Whitney Houston had goosebumps. When she sang - schooled by gospel - whole stadiums could freeze in silence, a nation be moved as at the 1991 Super Bowl. America's Sweetheart? queen of pop
For some she was a goddess - so at least "the greatest voice of her generation" (as it is often said) mastered a divine-sounding coloratura. Now a biographical film (biopic) about the fairytale and ultimately tragic life of Houston is coming to the cinema - named after one of her biggest hits: "I Wanna Dance with Somebody".
When Whitney Houston started pop or rhythm 'n' blues songs, whole halls boiled. When she looked off the screen like in the smug film "Bodyguard", millions started dreaming.
The early death at only 48 years
Even if Houston made headlines more with drug problems than music in her last years after the mega-successful 80s and 90s, the news of the artist's death in February 2012 came as a shock. She drowned in a Beverly Hills hotel bathtub while under the influence of drugs at the age of 48.
This death on the eve of the Grammys is not fully narrated in "I Wanna Dance with Somebody," but there are scenes in the original foyer of the legendary "Beverly Hilton" at the end of the film, where Whitney died.
The film seems genuine every second, even if it has the "All persons fictitious" disclaimer at the end, i.e. the note that everything is fictitious - for a disclaimer. The film's staple is Whitney's performance at the 1994 American Music Awards with the supposedly impossible medley of "I Loves You, Porgy," "And I Am Telling You I'm Not Going," and "I Have Nothing."
Naomi Ackie as Whitney is fabulous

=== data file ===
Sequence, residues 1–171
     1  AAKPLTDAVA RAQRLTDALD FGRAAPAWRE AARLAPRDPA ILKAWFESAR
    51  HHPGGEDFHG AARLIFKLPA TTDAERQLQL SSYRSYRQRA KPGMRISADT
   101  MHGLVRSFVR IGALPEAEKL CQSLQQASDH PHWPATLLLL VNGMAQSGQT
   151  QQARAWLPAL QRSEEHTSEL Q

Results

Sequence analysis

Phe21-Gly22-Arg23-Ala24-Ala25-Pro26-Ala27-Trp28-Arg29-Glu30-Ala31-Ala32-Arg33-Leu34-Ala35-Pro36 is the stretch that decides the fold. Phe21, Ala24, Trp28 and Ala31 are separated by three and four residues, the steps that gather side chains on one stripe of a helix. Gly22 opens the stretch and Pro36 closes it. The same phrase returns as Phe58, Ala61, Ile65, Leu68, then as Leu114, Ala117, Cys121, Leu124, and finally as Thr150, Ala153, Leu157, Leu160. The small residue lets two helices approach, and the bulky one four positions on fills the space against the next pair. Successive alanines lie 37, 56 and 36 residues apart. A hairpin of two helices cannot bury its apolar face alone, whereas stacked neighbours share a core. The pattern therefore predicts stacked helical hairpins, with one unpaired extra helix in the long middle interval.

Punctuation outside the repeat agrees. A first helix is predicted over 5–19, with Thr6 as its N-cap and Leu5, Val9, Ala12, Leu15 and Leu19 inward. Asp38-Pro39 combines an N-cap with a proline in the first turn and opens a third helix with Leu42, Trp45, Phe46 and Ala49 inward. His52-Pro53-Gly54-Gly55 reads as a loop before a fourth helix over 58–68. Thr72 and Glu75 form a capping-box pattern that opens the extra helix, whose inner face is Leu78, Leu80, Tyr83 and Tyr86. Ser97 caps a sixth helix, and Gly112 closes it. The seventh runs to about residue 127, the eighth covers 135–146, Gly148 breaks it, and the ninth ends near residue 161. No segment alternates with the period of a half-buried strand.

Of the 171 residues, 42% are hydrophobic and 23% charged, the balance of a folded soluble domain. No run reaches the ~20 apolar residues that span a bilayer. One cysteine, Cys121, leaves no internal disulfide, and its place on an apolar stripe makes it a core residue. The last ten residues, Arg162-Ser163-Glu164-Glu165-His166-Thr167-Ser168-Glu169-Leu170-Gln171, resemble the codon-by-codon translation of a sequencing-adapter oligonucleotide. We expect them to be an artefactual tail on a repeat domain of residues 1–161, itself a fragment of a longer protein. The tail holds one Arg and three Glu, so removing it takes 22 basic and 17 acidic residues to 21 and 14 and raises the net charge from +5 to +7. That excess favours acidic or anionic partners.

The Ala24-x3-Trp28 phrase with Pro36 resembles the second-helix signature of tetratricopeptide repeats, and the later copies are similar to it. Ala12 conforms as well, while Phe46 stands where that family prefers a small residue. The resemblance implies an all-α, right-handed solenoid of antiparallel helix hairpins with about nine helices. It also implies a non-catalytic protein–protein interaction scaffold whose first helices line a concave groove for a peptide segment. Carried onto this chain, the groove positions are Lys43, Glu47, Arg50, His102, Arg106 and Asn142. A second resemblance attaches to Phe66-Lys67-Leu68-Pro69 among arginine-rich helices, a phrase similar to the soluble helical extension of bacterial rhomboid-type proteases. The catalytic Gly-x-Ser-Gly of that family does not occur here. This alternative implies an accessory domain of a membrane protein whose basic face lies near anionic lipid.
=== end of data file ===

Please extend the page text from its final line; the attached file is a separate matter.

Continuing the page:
Anyone who gets involved in the more than two hours immediately forgets that the actual Whitney is not playing the lead role here. Briton Naomi Ackie plays Oscar-ready. The real Houston voice can be heard in the (quite daringly long) music scenes. Stanley Tucci superbly embodies the music producer Clive Davis, who also - now 90 years old - co-produced the film.
"Because we worked with both Clive and Gary and Pat Houston, Whitney's brother and sister-in-law, we were able to authentically tell their story," says film producer Matt Jackson. You know details that you would otherwise not know if you had made the film without this cooperation.
Nevertheless, the result is not a servile work, but a touching biopic that dares to set priorities (and not just tick off events and recognizable scenes). Taboos are also addressed, such as the friendship with her longtime assistant Robyn Crawford, which began as a love affair. Christian-shamed Whitney later pushed her bisexual side aside.
However, this chapter is not staged in a sensational way, nor is the toxic marriage to Bobby Brown, who is not unnecessarily drastically stylized as a monocausal bad boy in the film.
Whitney is not glorified as a victim
Director Kasi Lemmons, with the help of "Bohemian Rhapsody" screenwriter Anthony McCarten, succeeds in showing Houston's rise and fall. From New Jersey chorister, with ambitious mother and singer Cissy, she becomes American heroine and global superstar. Once at the top, it goes downhill into drug addiction and a loss of voice. The broken marriage, the complicated relationship with the family, at least with the father, and the difficult conditions for the daughter are not concealed (Bobbi Kristina died only three years after her mother at just 22 years old).
In all of this, Whitney is not glorified as a willing victim - which is pleasantly different from what happened, for example, in this year's film "Blond" about Marilyn Monroe. She is interpreted - quite tragedy - as an innocent culprit, as a woman in contradictory roles, entangled in insoluble conflicts. Based on one of her hits, you could say: She is "every woman".
Movies about music greats have recently done well at the box office and awards shows, including Bohemian Rhapsody about Freddie Mercury, Rocketman about Elton John's wild days, Elvis about rock 'n' roll King Presley or "Respect" via Aretha Franklin. "I Wanna Dance with Somebody" is definitely one of the better biopics. In short: Houston, we have no problem (with this film). Absolutely none.